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University Alliance responds to OfS Quality and Standards conditions consultation

Alliance universities are deeply committed to providing a high-quality academic experience for students, and we are broadly supportive of the principles-based and risk-led approach to regulation outlined in the consultation document. Indeed, we are largely in agreement with both the revised and new conditions for quality and standards. However, as a mission group of universities we are unable to lend our support to the proposals without additional information about how they will operate in practice. This is particularly given the extension of OfS regulatory oversight to modular provision, transnational education (TNE), partnership and franchise provision, and non-OfS funded provision such as ITT training and degree apprenticeships.  We have serious concerns about the extension of regulatory oversight to these areas and are calling on OfS to undertake an impact assessment of the proposals on partnerships, both international and domestic.

Moreover, the content of Condition B3 and the Teaching Excellence and Student Outcomes Framework (TEF) will not be consulted on until later this year.  It is difficult to provide views on the regulatory consequences for breach of these conditions until more information is provided and the future of the TEF decided. We are therefore calling on OfS to develop the full suite of B conditions and TEF as a coherent set of proposals, and delay implementation until they are ready to be rolled out together, preferably no earlier than the start of the 2022/23 academic year.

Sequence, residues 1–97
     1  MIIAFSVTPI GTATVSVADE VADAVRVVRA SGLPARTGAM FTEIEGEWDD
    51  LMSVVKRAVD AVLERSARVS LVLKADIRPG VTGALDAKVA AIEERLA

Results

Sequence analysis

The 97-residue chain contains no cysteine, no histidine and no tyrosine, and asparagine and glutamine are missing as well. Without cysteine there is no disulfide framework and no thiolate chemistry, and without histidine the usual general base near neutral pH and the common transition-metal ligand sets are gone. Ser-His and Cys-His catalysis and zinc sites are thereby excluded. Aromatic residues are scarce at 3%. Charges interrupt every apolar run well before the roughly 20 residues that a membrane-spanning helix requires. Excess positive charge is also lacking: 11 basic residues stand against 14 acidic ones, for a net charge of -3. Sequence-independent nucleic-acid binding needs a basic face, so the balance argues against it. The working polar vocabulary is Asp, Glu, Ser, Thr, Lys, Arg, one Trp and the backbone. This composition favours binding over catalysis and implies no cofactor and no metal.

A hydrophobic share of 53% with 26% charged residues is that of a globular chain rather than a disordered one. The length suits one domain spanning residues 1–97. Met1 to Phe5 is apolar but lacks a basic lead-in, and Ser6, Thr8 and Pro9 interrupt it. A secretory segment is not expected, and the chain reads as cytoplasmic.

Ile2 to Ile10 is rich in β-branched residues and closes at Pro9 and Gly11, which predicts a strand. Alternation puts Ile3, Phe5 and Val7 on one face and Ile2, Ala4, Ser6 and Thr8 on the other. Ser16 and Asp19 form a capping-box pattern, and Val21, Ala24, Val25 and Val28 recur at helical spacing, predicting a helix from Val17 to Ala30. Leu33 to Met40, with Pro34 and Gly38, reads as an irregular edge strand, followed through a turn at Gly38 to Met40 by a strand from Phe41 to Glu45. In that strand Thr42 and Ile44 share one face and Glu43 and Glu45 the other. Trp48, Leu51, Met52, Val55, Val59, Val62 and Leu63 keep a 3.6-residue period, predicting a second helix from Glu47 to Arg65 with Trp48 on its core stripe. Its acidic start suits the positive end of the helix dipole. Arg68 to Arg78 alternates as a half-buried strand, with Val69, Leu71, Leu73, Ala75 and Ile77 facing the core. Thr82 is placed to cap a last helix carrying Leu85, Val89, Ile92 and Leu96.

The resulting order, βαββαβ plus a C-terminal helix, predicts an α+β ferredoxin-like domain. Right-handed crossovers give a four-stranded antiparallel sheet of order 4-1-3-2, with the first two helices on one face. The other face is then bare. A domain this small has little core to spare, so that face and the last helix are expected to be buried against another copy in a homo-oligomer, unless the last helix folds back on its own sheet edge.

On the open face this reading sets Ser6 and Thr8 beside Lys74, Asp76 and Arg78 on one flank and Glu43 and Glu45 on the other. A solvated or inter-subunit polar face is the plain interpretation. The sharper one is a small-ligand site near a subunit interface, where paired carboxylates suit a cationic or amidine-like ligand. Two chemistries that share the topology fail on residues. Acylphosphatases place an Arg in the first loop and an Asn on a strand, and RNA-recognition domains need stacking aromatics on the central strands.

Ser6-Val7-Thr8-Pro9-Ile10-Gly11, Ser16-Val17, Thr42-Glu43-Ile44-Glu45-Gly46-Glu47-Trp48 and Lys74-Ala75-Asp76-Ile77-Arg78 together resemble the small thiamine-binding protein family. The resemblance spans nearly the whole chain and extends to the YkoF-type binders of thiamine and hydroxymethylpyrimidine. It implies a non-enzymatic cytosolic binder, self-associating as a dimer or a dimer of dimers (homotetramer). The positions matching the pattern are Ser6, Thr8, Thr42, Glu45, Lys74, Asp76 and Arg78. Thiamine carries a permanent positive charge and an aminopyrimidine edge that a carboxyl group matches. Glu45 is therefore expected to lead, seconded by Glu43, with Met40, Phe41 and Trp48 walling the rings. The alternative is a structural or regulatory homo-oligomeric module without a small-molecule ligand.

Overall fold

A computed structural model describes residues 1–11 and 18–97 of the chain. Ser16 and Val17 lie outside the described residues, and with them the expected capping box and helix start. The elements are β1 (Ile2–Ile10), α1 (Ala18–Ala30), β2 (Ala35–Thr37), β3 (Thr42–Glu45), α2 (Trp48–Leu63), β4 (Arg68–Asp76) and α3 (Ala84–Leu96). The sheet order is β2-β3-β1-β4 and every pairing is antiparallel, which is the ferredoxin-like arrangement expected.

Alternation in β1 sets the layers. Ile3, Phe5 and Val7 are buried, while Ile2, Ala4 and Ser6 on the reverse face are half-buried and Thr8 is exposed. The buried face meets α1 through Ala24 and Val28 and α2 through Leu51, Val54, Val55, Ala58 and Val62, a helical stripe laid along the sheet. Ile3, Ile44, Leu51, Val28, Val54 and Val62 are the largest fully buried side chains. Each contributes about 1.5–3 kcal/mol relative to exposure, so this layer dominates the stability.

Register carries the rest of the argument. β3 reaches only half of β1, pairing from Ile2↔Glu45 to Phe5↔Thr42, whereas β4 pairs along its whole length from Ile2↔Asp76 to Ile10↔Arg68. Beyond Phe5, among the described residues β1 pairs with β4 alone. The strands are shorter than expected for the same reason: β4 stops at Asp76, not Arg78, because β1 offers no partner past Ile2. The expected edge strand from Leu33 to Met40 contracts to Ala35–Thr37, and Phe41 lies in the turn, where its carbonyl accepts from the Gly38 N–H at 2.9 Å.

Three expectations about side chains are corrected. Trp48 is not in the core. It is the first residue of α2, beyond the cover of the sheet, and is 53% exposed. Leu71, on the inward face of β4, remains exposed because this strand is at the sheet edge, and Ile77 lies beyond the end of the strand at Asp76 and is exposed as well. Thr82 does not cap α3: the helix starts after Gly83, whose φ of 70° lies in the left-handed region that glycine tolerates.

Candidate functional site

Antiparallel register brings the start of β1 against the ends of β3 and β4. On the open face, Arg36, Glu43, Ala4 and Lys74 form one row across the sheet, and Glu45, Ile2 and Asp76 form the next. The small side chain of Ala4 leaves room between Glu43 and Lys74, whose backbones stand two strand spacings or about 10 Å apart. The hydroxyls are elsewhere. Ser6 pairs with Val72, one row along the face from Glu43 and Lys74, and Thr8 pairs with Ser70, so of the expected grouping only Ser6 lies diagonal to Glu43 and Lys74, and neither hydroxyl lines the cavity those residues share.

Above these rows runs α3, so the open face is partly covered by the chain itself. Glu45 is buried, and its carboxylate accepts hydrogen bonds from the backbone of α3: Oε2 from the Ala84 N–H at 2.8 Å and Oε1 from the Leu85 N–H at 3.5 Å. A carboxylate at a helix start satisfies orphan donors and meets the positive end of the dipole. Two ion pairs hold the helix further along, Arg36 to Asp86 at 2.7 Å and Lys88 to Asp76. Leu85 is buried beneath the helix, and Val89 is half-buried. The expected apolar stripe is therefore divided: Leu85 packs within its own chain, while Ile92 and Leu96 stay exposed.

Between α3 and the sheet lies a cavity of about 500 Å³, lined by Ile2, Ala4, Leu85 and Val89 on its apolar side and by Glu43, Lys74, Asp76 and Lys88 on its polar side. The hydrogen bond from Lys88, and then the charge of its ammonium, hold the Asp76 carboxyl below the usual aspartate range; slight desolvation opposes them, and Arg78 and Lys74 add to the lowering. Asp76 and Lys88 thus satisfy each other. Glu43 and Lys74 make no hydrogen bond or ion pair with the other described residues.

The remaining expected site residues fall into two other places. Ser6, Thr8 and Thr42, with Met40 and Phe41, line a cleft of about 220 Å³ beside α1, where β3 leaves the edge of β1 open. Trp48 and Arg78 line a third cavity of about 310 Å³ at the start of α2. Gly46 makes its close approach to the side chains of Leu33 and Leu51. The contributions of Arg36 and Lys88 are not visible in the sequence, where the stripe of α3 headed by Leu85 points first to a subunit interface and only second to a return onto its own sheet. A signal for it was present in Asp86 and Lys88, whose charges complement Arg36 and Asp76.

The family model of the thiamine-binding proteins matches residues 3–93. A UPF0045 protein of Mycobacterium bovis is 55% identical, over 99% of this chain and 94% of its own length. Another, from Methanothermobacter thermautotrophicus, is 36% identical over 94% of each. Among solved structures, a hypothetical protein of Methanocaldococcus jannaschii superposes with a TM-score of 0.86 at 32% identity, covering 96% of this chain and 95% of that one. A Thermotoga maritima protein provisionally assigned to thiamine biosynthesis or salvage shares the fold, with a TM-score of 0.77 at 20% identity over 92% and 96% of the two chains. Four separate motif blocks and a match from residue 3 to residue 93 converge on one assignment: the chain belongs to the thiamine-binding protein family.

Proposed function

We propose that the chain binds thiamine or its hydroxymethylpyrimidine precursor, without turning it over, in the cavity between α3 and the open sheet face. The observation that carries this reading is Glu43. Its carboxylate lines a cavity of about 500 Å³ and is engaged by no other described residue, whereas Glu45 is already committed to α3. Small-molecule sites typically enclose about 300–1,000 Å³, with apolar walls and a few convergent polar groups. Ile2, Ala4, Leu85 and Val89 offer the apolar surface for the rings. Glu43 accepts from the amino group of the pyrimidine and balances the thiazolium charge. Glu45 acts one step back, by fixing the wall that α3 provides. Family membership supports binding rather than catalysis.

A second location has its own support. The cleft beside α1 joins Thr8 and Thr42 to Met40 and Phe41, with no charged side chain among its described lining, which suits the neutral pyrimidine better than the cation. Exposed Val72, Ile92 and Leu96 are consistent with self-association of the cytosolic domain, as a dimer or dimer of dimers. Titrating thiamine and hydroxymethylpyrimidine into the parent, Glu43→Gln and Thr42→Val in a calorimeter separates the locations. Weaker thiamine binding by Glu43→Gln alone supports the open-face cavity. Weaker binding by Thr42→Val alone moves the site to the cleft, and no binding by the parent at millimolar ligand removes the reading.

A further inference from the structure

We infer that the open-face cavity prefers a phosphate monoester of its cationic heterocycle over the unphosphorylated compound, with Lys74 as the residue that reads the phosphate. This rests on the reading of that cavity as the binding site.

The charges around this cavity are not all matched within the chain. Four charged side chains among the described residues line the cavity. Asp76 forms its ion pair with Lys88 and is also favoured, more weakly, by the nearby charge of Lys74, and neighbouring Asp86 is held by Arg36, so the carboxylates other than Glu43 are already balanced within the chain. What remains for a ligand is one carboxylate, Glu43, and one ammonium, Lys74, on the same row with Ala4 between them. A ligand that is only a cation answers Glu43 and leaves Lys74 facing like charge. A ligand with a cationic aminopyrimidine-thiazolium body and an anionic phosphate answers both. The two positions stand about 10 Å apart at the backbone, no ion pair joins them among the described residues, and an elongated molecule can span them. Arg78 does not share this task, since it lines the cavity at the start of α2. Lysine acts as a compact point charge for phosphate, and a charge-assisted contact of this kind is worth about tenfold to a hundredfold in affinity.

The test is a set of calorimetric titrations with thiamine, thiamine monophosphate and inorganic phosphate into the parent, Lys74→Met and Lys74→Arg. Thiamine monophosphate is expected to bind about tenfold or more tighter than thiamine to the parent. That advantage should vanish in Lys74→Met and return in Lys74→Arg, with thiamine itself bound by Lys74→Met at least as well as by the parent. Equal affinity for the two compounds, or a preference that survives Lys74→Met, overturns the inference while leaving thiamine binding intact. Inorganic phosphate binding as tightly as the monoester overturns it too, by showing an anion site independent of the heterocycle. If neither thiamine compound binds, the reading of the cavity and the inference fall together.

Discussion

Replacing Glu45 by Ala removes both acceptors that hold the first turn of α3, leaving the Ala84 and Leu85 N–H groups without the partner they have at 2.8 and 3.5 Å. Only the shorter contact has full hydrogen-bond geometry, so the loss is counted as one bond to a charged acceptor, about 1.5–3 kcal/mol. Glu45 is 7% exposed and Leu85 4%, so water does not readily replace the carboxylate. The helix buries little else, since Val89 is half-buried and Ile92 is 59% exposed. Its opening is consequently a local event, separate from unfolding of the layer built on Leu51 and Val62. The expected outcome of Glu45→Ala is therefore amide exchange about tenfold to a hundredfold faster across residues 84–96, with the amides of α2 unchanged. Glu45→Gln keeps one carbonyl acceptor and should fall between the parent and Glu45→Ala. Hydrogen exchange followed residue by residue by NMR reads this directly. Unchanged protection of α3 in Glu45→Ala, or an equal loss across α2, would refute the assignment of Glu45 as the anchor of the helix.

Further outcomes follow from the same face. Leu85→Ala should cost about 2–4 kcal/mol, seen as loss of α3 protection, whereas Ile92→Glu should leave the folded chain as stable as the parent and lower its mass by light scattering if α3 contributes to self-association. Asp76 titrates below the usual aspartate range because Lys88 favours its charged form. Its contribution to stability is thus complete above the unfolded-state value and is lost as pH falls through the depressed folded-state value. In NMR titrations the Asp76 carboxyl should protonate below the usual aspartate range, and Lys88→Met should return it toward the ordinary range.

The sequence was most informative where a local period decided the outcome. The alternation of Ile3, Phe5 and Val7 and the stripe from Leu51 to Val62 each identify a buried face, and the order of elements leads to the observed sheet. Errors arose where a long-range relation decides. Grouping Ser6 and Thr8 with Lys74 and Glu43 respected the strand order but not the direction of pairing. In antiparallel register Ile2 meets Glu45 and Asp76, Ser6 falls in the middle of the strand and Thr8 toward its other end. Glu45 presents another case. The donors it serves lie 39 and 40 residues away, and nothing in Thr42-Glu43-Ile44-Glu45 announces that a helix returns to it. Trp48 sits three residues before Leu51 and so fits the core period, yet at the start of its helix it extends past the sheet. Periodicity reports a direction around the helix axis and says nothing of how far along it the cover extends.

Areas in which additional clarity is particularly needed include:

  • Regulatory thresholds – the level at which investigations will be triggered; what proportion of an institution’s provision would need to be affected before that threshold is reached; and how these patterns will be identified by OfS
  • Academic judgments – the process by which expert academic judgements will be sought; how their independence will be guaranteed; and what role they will play in the investigatory process and regulatory intervention
  • Contextualisation – the extent to which a consistent approach will be taken across different types of provision and different registration conditions
  • Sector recognised standards – where ownership with these standards will lie in the future; how and when will they be updated; and how sector consensus will be maintained
  • Professional, Statutory and Regulatory Bodies (PSRBs) – to what extent they were consulted on the proposals; how they will be impacted; and how OfS will ensure dual regulation is not overly burdensome for providers
  • Modular provision  which courses and/or modules will fall within this category and how OfS will carry out its general monitoring activities at modular level
  • TNE – how this will actually work in practice and what steps will be taken to mitigate the risk of UK HE’s international reputation being affected

Ensuring higher education provision in England is high quality is rightfully a core objective of the Office for Students. However without further information we are concerned that these proposals could have several unintended consequences which could hamper key government priorities around levelling up, international education and lifelong learning – an argument we also made in our phase one submission. For this reason, we are calling on OfS to publish more details and delay implementation until the full suite of B conditions and TEF are finalised.

See our full consultation response here.

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